Some days are harder than others. Each day I try to give my fear to the Lord, but sometimes I am caught emotionally off guard. These last few days have been chilly and I've been able to snuggle with my boys under the covers of my bed. This morning I left them in their pajamas longer than usual. There's just something about little boys in warm jammies. Fall is here. I didn't know I liked autumn until I moved to Utah. I like turtle necks and hot chocolate in the morning. I like the way a cozy house smells when a spice candle is burning.
This morning, I set Little Buddy down in his crib because The Rock Star asked me to turn on some music. I chose a lullaby album that is all instrumental. When it began, Matthew was so happy just to crawl around his crib and listen that I left him there while I cleaned my bathroom. Several minutes later I needed my broom. I turned the corner out of my room and my breath caught, midway to my lungs. Matthew sat, content, in his crib. He had his big green pacifier sticking out of his mouth and his gaze was transfixed on a toy he was maneuvering in his chubby hands. Garrett was lying on his bed. His legs were bent and a book rested on his thighs. More books were strewn around him and he quietly read to himself while unknowingly keeping time to the music with his foot. The CD player sang a version of Morning Has Broken.
And just like that, tears welled up in my eyes and spilled over.
Just like that, I wanted to cling to the image--to beg it never to leave my mind. So simple. So normal. So worthy of being forgotten. So worthy of being remembered. An event so ordinary as brothers keeping to themselves in their bedroom on a Friday morning could bring such strong reaction for the very reason that it might not be commonplace. My days of these magical moments could be numbered. Are, in fact, numbered. For even if they remain mine forever, little boys grow up.
It was instrumental but it's only fitting that the stereo played the song it did. Morning has broken, like the first morning. Blackbird has spoken, like the first bird. Praise for the singing, praise for the morning. Praise for the springing fresh from the word. Sweet the rain's new fall, sunlit from heaven. Like the first dewfall, on the first grass. Praise for the sweetness of the wet garden. Sprung in completeness where his feet pass. Mine is the sunlight, mine is the morning. Born of the one light, Eden saw play. Praise with elation, praise every morning. God's recreation of the new day.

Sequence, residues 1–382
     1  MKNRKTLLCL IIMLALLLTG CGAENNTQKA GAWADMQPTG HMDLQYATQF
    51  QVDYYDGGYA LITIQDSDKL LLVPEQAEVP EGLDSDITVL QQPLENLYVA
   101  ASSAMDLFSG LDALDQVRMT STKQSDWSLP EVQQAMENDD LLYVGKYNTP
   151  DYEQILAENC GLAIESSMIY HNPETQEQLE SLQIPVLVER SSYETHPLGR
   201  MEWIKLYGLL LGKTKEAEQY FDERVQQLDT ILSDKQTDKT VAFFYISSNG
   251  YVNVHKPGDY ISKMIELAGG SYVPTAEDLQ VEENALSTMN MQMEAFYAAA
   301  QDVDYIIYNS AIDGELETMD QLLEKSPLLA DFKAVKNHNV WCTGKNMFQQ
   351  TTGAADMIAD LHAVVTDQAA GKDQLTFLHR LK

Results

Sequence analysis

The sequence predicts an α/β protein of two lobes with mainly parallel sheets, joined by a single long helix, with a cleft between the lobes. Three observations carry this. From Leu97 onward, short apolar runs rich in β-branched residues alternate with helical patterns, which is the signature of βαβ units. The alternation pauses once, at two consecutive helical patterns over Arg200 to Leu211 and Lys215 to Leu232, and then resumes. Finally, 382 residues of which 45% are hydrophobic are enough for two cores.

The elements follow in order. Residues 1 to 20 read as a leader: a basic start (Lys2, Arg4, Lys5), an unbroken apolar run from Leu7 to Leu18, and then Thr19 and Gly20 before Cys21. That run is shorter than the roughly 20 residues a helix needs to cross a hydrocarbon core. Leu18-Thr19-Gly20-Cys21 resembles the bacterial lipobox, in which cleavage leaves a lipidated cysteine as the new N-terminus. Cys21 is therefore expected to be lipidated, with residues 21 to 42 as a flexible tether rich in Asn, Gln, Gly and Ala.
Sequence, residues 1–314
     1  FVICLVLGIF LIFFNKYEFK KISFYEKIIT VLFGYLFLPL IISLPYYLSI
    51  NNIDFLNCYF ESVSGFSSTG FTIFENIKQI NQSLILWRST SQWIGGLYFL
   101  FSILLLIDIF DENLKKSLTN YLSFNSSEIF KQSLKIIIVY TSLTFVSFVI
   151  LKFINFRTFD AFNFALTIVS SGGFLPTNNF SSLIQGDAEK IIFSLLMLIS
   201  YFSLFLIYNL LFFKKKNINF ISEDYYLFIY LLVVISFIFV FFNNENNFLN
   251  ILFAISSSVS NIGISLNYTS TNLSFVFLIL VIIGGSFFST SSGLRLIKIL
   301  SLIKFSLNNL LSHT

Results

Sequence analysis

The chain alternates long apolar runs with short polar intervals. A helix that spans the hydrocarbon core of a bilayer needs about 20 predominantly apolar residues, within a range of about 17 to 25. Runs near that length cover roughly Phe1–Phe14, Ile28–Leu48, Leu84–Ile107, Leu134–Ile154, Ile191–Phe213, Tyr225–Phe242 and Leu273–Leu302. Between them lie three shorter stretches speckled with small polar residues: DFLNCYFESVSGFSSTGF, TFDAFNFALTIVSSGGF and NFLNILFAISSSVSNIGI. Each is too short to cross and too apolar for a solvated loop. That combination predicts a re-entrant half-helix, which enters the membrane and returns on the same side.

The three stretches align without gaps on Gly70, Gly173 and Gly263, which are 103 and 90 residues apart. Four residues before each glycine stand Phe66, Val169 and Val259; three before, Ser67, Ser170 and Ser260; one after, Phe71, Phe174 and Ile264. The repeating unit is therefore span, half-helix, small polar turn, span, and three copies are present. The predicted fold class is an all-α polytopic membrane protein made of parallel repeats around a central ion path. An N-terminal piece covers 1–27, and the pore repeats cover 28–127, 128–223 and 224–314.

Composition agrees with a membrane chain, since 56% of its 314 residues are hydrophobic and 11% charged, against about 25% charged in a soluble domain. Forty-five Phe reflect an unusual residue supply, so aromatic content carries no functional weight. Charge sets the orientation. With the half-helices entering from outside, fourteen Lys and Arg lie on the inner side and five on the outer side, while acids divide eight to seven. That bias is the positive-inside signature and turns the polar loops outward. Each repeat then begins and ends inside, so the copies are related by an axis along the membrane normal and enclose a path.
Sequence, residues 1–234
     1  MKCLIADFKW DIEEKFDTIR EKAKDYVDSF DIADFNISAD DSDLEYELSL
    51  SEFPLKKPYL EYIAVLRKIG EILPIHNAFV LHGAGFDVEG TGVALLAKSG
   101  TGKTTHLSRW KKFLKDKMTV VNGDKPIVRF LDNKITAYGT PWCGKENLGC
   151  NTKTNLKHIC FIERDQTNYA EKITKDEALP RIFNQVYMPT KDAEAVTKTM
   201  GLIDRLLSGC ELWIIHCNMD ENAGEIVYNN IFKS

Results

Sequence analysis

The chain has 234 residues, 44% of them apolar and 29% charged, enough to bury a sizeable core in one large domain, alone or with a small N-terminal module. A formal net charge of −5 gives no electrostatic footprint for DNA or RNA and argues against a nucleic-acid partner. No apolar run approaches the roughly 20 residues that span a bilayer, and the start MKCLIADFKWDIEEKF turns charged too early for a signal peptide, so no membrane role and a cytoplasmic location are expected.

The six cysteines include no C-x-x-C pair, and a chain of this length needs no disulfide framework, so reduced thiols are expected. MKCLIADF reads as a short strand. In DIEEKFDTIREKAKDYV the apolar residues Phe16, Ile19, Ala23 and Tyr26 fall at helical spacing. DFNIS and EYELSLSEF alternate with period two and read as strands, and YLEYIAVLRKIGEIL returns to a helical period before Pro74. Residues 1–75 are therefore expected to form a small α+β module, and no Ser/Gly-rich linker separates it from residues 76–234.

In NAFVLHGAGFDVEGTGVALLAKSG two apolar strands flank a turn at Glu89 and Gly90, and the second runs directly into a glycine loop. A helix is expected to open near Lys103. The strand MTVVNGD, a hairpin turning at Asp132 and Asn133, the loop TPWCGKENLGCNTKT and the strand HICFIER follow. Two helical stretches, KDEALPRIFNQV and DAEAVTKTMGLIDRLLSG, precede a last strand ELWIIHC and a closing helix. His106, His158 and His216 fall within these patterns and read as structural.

Every morning with them is blessed. These little men are brothers. Bound not by a common face and not by blood. Bound, instead, by the joy of friendship and unforced affection. Bonded by something greater--eternal Love above. They laugh together. They play together. They are genuinely happy in the presence of one another. And this morning, they attempted the art of being separate--together. They read and played alone, existing under the tune of the same song.
Before the moment could break itself, before a baby could see his mother in the doorway and before a boy could grow weary of his books, I wiped my eyes and walked away. I didn't want to watch the moment break. Because some day, when the boys have grown and gone or when life has dealt us a devastatingly different fate, I want to be able to close my eyes and see them together like that. I want to hear the piano ringing through their room. I want that sweet morning to have broken but I want to pretend that the night never came.